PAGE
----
Disparity and Concord: Relations Between the Social Classes of the 17 th Century A traditional way of thinking about separate and distinct social classes includes the assumption that there will be a strained relationship between the two; in which mutual feelings of mistrust and fear will be present due to the inherent inequality and ignorance that exists between the groups. During the 17 th century, this sense of disparity between the classes was certainly felt and acknowledged, but it was not always accompanied by such strong feelings of suspicion toward the members of the other class. In fact, many cases exemplified the fact that often the upper class and lower class recognized that they depended upon one another for survival, and a mutual acceptance, if not always respect, sprung from that. In some cases, the lords of large houses were portrayed as models of the highest charity and benevolence, whom opened up their houses and lives to those less fortunate than them. However, regardless of this dual relationship, instances in which the lower class was subject to the whims or wants of the upper class still occurred, and this darker side of the affiliation was also depicted in some written works of the time. The harmony of life between the upper and lower classes was a subject that Ben Jonson touched upon in his essay, "To Penshurst." In this work, he delved into the quality of life which those of the upper classes who owned a country house were able to enjoy.

Apparently, the life of the richer sector of society was one of convenience and relative ease once they returned to their home in the country, which was painted as a kind of haven where nothing could go wrong and pain or discomfort were unheard of. The imagery used by Jonson, "Fat, aged carps that run into thy net, ... eels that... leap on land, ... [and] blushing apricot and wooly peach [which] hang on...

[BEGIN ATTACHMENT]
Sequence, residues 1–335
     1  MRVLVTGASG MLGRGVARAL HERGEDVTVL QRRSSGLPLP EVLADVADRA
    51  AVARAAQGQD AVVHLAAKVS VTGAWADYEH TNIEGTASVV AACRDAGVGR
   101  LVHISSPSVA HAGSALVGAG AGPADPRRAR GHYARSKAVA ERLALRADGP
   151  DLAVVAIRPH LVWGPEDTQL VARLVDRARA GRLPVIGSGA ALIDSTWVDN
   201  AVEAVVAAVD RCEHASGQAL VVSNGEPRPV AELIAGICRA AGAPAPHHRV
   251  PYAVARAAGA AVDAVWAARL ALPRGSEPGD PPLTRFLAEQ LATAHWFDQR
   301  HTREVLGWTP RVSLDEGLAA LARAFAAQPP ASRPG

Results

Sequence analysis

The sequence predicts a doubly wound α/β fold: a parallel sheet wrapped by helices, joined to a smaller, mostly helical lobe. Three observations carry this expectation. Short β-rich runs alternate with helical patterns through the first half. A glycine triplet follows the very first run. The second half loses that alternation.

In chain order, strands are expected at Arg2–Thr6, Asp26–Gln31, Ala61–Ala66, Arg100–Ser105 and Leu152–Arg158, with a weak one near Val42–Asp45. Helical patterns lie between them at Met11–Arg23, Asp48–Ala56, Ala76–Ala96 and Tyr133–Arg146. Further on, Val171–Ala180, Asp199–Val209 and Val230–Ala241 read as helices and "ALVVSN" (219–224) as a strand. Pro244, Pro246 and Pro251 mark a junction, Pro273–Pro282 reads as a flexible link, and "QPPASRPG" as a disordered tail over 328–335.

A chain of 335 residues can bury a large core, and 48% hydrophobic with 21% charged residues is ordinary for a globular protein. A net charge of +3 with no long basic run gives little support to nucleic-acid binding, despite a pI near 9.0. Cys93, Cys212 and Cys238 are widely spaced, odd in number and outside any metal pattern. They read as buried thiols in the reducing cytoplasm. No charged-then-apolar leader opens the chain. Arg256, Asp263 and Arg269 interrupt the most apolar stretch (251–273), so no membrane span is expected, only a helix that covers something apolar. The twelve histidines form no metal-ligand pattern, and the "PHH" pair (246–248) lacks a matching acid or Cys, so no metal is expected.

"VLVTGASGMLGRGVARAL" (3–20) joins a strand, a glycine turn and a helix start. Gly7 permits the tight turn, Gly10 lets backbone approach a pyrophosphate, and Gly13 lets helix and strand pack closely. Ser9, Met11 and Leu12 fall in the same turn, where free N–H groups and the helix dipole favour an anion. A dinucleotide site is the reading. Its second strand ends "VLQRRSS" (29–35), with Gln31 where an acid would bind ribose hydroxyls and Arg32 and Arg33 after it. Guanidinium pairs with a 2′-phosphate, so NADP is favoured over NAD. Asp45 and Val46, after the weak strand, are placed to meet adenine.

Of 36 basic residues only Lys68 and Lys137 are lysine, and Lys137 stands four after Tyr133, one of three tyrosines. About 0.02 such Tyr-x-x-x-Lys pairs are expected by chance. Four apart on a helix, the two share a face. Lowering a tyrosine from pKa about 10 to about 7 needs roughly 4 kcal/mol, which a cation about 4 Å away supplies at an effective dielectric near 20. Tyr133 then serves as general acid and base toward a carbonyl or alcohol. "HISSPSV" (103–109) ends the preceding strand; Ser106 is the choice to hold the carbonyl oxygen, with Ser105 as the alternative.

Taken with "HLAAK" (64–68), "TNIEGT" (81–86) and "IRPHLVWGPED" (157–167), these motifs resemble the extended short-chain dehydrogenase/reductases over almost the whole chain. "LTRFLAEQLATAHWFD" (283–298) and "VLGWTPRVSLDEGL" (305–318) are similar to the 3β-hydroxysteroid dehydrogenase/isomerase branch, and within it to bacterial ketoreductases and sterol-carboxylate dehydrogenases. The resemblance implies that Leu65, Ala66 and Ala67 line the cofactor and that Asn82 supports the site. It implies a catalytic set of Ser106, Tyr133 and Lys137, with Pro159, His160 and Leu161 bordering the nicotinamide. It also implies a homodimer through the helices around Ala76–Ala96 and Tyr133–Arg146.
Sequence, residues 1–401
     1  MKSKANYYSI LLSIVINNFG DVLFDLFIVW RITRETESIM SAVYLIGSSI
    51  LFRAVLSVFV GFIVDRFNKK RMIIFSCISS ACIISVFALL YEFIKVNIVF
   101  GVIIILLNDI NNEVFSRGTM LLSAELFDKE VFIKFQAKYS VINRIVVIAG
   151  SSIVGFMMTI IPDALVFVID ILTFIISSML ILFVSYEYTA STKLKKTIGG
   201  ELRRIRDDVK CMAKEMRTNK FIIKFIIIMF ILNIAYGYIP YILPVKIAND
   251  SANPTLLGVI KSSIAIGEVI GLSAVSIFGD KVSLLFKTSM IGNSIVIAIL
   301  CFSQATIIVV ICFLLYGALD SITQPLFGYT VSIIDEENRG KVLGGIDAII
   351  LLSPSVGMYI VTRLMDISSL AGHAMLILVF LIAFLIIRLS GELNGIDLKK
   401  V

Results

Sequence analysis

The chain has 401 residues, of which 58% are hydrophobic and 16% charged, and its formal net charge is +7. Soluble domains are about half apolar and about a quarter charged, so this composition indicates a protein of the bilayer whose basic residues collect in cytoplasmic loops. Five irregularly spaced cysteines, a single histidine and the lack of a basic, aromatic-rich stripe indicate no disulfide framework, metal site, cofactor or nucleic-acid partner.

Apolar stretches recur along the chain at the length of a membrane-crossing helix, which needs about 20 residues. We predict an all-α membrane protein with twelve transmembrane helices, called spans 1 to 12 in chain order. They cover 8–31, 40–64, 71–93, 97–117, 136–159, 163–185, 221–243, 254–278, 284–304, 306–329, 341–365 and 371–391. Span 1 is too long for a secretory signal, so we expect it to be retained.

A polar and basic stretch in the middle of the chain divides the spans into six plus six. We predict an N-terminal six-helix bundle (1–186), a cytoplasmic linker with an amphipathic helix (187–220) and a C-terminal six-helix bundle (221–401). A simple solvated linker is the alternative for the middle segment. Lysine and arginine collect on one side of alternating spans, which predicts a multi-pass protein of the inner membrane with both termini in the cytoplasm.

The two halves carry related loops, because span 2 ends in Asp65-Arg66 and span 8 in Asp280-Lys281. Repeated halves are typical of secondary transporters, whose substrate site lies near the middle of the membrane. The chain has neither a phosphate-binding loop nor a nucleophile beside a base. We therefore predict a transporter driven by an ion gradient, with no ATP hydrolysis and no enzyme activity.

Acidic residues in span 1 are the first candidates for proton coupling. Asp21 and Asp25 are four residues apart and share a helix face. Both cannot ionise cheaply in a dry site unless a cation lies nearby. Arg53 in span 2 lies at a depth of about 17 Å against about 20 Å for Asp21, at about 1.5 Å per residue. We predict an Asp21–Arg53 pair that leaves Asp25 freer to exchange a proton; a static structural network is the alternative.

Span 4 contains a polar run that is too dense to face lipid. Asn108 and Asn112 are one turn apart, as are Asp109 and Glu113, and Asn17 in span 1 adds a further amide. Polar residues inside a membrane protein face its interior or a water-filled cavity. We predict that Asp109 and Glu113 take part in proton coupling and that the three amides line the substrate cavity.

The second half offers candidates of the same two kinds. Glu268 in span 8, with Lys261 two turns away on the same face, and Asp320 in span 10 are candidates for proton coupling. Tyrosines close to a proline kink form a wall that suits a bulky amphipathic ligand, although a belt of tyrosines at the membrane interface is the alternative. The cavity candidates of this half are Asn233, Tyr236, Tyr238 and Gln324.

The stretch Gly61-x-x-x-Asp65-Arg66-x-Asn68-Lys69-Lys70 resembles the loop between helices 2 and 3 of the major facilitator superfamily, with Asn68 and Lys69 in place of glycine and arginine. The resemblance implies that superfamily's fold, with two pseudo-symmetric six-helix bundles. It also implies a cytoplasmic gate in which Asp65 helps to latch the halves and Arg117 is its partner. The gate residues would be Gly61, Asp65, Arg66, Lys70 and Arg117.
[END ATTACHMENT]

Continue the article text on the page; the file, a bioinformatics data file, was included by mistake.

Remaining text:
walls, that every child may reach," was extremely useful in portraying the beauty and concord which abounded in a country home. These descriptions cemented the idea that the beauty of the country home did not lie within a "roof of gold," or "row of polished pillars." Rather, the worth and magnificence of life at Penshurst stemmed from its natural beauty and the fertility and abundance of the nature that surrounded it. Another country home, similar to Penshurst in it's relative luxury was discussed by Thomas Carew in his poem "To Saxham." Again, this work shows how the animals that are eaten at Saxham were willing to die in order that they might feed the people who lived there. The wildlife, in fact, "[brought itself] to be an offering." This fact highlights how good and worthy the owners of the house must be if the world around them strains to be of use to them and animals are willing to die, thinking their life in itself would not mean as much if they were to continue living as it did when they were used to feed those who lived in the house. In many traditional cultures, "offerings" of animals, or blood sacrifices, were made to gods and supernatural beings. Perhaps this was a subtle hint by Carew of just how high the esteem with which owners of country houses were held.